To be very honest: all messaging apps suck. Someone has to do this:

- Having a desktop client that isn't Electron, looks like straight out of 1992 or is missing a lot of features (bad examples: Signal, Element, Gajim, Dino)
- Using end-to-end encryption, but without the sucky UX (bad example: Element)
- Being actually federated (bad examples: all of them and no, is not federation, it makes the discovery UX suck even more as for some reason everyone is hosting their rooms over there)
- Having a bunch of features that aren't accessible through API hacks only (bad examples: Signal, Element)
- Having good mobile apps that implement most if not all desktop features (bad examples: almost all, even Telegram has some issues, but found their UX rather clean compared to other apps)

@koyuchan i really love matrix, but i dont use element. have you tried nheko? its a qt app written in c++. and idk what you think is the problem with matrix e2e

@LordMZTE their e2e ux sucks even harder, glad there's at least cross-device-signing now, but nobody implements it

@LordMZTE matrix has the issue that element is the only client that implements the full spec, but their ux sucks too hard in a lot of places. if "unable to decrypt" sounds familiar to you.


@koyuchan thats true, nheko is missing a few features, but i think its perfectly usable anyways. the whole unable to decrypt thing is also a pretty rare sight once youve understood the system. for example it might help to briefly open another matrix client, so that device can share its keys.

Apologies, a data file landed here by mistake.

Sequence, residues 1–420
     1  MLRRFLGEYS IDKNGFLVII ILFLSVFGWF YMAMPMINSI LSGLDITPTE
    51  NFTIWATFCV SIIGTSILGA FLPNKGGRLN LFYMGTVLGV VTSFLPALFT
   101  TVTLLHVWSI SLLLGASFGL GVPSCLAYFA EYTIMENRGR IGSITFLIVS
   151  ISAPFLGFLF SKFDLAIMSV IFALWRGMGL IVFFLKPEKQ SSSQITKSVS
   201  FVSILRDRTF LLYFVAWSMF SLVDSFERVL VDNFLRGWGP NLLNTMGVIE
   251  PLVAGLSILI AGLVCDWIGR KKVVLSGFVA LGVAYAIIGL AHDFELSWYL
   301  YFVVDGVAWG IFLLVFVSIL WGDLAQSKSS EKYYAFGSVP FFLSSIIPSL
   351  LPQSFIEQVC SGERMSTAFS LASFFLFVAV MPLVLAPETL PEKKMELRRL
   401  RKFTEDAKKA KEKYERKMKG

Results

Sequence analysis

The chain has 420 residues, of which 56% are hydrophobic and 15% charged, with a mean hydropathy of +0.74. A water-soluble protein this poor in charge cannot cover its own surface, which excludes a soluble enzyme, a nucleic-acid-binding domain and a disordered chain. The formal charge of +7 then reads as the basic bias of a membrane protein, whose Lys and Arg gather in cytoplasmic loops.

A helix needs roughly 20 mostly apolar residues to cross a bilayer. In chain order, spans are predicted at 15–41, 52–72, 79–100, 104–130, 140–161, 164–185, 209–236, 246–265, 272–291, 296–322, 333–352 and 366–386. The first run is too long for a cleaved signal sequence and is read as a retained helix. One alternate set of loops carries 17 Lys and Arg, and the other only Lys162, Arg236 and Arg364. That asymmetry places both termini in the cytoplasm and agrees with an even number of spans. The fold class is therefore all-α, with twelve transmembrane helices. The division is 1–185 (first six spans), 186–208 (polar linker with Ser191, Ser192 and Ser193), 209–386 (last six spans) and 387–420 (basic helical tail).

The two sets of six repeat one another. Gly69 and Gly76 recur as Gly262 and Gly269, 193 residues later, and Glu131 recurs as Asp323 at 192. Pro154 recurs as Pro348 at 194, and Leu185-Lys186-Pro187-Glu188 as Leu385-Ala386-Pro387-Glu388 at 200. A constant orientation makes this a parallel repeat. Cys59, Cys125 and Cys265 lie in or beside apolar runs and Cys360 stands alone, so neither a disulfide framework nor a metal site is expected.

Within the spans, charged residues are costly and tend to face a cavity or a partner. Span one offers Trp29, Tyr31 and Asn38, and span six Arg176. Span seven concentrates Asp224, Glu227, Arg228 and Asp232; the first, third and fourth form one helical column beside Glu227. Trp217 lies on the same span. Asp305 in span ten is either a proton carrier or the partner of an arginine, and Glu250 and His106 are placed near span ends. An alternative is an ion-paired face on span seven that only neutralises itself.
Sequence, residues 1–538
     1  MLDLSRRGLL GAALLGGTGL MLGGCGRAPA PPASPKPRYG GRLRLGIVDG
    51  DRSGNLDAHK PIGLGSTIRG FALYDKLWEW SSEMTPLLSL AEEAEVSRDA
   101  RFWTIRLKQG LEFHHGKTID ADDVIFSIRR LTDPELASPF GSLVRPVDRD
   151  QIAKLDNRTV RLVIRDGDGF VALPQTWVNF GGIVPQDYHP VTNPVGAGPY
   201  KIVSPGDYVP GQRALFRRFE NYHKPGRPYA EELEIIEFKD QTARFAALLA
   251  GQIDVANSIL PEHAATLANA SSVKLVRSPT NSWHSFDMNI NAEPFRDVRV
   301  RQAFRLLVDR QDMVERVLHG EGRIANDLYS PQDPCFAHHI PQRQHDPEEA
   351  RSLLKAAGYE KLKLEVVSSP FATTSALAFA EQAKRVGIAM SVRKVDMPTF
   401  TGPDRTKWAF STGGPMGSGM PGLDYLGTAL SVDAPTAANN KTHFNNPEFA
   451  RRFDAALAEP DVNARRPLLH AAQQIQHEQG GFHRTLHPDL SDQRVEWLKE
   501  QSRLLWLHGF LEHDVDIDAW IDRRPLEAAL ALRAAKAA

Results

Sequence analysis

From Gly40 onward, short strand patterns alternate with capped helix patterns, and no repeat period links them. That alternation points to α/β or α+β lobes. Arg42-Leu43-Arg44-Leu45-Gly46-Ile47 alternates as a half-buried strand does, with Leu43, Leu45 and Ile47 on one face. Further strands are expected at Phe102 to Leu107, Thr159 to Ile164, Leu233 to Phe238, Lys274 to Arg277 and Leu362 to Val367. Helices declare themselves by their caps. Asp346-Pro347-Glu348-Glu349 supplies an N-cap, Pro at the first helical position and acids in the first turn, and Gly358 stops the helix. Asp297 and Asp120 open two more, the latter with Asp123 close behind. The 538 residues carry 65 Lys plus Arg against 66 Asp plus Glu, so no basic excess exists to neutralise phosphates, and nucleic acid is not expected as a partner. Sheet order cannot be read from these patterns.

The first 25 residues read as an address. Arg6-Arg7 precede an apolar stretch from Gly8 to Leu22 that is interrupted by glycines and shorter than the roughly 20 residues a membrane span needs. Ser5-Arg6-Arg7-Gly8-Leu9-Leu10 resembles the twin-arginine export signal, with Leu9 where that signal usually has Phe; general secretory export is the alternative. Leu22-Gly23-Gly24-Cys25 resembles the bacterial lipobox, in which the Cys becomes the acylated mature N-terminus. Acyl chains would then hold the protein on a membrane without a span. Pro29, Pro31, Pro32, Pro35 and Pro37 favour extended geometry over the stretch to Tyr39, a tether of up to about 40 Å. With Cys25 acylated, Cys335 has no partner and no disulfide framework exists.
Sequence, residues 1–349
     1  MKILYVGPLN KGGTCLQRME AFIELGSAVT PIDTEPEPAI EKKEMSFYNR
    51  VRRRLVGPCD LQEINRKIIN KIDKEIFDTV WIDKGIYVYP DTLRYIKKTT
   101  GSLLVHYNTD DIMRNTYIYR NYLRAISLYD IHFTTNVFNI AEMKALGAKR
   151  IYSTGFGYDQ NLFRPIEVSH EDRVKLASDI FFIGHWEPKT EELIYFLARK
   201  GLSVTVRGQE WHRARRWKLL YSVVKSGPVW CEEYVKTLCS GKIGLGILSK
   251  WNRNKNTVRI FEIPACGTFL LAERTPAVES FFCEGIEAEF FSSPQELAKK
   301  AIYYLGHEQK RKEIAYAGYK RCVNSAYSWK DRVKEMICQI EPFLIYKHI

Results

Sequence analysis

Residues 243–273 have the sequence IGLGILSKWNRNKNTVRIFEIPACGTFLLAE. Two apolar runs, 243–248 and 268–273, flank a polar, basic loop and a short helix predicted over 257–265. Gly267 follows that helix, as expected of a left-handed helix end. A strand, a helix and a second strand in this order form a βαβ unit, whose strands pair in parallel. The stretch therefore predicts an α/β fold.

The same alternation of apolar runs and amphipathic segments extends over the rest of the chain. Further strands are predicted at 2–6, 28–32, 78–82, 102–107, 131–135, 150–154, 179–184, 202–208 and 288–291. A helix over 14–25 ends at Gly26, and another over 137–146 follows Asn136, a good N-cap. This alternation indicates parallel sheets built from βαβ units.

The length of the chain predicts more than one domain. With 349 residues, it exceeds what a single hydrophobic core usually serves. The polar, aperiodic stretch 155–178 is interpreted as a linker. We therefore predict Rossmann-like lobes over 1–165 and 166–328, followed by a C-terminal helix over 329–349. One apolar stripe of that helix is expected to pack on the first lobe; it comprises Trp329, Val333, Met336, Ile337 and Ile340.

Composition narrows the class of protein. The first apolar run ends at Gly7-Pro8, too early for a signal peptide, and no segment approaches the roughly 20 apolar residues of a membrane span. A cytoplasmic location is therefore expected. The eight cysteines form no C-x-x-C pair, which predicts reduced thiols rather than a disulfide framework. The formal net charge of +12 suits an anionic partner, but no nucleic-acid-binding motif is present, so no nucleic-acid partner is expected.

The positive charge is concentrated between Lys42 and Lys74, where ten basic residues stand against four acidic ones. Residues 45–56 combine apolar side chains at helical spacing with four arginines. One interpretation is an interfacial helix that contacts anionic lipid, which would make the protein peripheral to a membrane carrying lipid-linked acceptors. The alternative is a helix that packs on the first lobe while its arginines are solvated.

@LordMZTE that's bad ux. all the user wants is to send a message from a to b and not care about how cool and shiny the encryption keys are.

@koyuchan i get that, but i dont think theres a good way around it. afaik, most messagers store e2e keys on the server, which is how you can simply not worry about them and have it all work seemlessly, but thats missing the whole point of e2e, because now the server can also decrypt stuff. matrix only stores the keys on the clients, so some other client, be it your device or the client of the person youre talking to has to send you the key.

@LordMZTE yeah, so let people backup their messages on their computer and don't store any keys. if the message history gets lost it's such a shame, but if you do local backups every evening it's gonna be fine.

@koyuchan but wouldnt that get you an irc-like situation where an offline client doesnt get any messages? i also dont really get how youd be able to decrypt messages if youre not storing keys. that would mean that everyone youre talking to would have to also be online so they can send the keys. i dont think that would make sense

@LordMZTE not really, i'd probably do it like how whatsapp does it, but of course without storing messages in the cloud

Sign in to participate in the conversation

The social network of the future: No ads, no corporate surveillance, ethical design, and decentralization! Own your data with Mastodon!